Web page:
Round 2 saw Infernus taking first player,  playing Vox Blackout to deny a Reaver chainfist charge, as well as stopping Scatterable Mines and Quake Shells for the turn but meant that a second Concealment Barrage couldn’t be played this turn giving the Warbringers free reign to fire. Moving straight to the movement phase, starting with the 2 Warhounds on the left flank moving into shield range of the Reaver with chainfist, stopping it from moving further away from the Cerastus Banner which would need their full movement to get within range of its rear. The Reaver responded with a side-step as far as it was able, in an attempt to move away from the Knights. The Acherons moved to its rear, giving a difficult decision to Condit on what to fire first, punch a Warhound or fire a Warbringer at the Acherons in the Reaver’s rear. That Reaver was likely to die regardless. Condit’s second Reaver moved forwards to gain a better sight on the right-flank Warhounds, while keeping cover. Those Warhounds then moved away from each other around a building to be able to use Coordinated Strikes, the non-Princeps Seniores pushing for Power to Locomotors moving into the centre of the table and able to get into the side arc of the enemy Reaver.  without any obscuring terrain against the second Reaver, but leaving themselves more vulnerable without the ability to share shields. The last Knight of the other banner moved within flame template range of the right-wing Reaver as well. The Warbringers kept their distance, the Melta wielding one, closer to the banner of 4 Acherons, turning to face the Knights in the hopes of wiping them before they could do any meaningful damage. Moving to the combat phase, the left-flank Reaver struck first and killed a Warhound with ease with its Chainfist and Smash Attacks, causing a Magazine Detonation which did little damage to the other Warhound, but killed one of the Knight Acherons on the other side of the Reaver; the Knights passed their Shaken Test and struck the rear of the Reaver with the  surviving 3, bringing to bear 9 flame attacks with a +2 modifier for hitting rear armour, killing it outright with a Silenced result. These Knights then died to a melta cannon hit from the Warbringer, being within 12” to make use of the Fusion rule. On the right flank, the lone Knight Acheron fired its flamer against the Reaver’s shields causing 4 hits (from the Lightning Storm) dropping 2 shields. The Warbringer behind attempted to cause some damage to one of the Warhounds staring down the living Reaver, but was only able to drop its shields. Then the 2 Warhounds  were able to use Coordinated Strikes to remove the surviving Reaver, the Princeps Seniores firing first, scoring 5 auto hits with its inferno gun thanks to Lightning Storm giving it Voidbreaker (1) and very luckily dropping the enemy titan’s shields, and the plasma blastgun opening up with effectively S11 shots, one shot missing but re-rolling for a hit with Dark Blessing causing serious damage to the engine’s body while still taking the heat, moving its reactor into Orange. The other Warhound made targeted shots with its Vulcan Mega Bolter, destroying the Reaver as it fell straight into a building, completely avoiding the 2 Warhounds that saw it to its end. The last activation was for the second Warbringer which was only able to barely deplete the shields on the Warhound standing in the centre of the table. Toxic World had no effect this turn and the Lightning failed to hit the shield-less Warhound.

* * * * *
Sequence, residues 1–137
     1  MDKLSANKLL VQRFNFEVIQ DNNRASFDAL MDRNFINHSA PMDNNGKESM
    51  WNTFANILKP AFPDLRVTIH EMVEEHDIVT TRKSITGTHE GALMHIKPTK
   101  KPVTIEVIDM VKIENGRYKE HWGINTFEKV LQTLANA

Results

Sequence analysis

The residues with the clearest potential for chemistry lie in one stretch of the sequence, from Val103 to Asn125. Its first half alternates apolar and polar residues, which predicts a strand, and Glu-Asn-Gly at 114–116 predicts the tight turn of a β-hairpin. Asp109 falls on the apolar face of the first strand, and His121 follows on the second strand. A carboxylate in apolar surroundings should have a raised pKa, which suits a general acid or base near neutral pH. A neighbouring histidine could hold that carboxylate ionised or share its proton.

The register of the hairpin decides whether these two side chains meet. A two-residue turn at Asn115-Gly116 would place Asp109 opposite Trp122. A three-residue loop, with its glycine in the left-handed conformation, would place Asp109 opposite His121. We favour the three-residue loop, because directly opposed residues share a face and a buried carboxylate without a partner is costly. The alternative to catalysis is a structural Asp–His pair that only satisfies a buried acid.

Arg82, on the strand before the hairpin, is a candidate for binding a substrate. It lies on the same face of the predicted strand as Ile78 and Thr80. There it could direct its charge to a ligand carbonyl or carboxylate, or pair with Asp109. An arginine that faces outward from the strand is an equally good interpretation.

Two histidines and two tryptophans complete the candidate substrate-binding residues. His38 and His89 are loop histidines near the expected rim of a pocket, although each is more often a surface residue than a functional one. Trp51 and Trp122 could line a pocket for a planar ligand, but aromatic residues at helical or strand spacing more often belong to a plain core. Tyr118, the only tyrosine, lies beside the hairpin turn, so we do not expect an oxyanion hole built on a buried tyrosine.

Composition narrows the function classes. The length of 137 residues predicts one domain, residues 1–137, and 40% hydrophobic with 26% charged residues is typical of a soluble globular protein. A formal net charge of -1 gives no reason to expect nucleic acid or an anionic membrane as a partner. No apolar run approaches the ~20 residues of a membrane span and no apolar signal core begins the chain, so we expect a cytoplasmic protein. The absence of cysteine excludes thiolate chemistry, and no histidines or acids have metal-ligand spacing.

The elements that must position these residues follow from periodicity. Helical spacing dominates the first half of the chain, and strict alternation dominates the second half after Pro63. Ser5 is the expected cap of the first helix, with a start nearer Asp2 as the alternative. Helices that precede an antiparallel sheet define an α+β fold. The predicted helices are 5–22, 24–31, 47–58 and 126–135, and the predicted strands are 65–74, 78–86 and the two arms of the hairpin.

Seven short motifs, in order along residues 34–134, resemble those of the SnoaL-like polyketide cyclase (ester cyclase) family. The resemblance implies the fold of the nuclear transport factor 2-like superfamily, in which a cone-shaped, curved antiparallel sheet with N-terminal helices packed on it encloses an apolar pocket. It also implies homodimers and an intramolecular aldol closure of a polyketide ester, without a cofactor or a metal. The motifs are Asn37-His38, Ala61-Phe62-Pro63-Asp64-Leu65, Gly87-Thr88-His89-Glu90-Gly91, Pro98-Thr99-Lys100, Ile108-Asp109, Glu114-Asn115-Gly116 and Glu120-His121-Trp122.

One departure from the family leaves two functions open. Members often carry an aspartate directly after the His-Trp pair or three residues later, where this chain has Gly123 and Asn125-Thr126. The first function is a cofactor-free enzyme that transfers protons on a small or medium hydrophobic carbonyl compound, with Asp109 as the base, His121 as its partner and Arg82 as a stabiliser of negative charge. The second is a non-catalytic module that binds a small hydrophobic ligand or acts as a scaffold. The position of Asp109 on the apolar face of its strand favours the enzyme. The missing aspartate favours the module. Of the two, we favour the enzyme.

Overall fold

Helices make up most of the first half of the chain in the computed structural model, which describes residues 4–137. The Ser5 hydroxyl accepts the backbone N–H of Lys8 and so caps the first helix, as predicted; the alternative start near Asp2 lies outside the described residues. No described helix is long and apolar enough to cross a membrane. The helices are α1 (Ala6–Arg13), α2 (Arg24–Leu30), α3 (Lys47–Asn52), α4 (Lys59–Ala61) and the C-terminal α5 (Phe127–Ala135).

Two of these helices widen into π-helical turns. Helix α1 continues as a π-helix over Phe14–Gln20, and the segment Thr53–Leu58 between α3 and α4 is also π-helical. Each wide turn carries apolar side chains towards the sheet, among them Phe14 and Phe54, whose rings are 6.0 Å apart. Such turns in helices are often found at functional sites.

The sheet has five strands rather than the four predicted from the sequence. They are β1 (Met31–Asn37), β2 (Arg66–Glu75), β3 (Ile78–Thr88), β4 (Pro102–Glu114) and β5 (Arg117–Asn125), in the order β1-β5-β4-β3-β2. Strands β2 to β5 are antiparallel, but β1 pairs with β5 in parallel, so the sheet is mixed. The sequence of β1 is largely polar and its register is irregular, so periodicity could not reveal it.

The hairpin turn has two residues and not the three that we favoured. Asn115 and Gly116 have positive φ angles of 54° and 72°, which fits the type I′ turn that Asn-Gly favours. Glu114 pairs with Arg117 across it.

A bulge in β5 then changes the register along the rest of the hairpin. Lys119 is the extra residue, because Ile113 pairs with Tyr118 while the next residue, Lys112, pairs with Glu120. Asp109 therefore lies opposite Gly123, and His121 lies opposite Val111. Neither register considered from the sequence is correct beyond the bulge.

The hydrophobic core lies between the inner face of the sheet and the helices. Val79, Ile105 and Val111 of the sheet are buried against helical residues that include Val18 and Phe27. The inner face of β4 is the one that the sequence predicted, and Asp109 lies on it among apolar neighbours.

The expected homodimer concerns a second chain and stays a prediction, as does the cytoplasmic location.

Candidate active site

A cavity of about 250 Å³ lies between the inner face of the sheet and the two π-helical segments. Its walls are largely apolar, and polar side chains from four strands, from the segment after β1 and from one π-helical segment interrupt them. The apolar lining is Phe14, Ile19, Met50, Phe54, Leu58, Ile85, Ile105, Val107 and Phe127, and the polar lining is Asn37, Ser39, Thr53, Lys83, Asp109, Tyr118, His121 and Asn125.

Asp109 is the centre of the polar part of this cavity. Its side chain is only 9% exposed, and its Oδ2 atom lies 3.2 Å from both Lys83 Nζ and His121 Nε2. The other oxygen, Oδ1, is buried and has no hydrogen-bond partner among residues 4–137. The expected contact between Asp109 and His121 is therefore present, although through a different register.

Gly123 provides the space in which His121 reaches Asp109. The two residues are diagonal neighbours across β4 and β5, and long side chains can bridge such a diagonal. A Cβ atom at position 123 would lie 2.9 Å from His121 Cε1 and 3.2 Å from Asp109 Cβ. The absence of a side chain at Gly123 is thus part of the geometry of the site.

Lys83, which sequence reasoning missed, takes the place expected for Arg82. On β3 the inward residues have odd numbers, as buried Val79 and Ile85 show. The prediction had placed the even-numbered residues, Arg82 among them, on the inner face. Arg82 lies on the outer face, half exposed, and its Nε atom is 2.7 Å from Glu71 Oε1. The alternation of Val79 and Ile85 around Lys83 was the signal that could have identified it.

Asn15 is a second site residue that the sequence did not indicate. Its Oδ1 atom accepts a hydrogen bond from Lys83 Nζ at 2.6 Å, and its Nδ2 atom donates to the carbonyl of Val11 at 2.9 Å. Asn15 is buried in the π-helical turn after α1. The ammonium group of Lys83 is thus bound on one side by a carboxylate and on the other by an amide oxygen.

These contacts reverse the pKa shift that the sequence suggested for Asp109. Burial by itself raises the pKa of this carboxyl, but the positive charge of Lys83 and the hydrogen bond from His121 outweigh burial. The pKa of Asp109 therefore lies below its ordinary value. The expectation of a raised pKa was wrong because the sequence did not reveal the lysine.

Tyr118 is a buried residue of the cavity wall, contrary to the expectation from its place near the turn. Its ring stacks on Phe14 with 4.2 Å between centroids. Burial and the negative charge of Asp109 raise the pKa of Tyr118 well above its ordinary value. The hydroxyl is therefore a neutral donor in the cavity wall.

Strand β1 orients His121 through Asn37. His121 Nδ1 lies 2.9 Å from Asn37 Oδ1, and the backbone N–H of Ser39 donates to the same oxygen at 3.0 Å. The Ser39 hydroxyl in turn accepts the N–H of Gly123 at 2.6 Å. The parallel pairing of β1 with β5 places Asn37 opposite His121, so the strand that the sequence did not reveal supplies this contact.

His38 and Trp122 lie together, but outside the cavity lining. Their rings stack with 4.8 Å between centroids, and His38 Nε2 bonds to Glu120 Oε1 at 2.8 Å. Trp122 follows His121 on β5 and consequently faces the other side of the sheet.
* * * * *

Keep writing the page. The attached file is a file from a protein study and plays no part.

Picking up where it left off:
Condit: God, this turn was a mess. I’ve been going back and forth in my head on whether there was a better way to play this, and I think I probably should have fired the Warbringer first. Had I managed to take out a couple of the Knights in my Reaver’s rear arc, maybe it could have survived, which would have allowed it to probably remove both Warhounds instead of just the one. That might have been enough to turn the game, as I could have then snapped back on the other half of his forces and had a serious advantage. The other Reaver probably should have tried harder to hide for another turn, and I definitely should have worked harder to put both Warbringers on the same group of Knights and Titans – splitting my fire really came back to bite me here.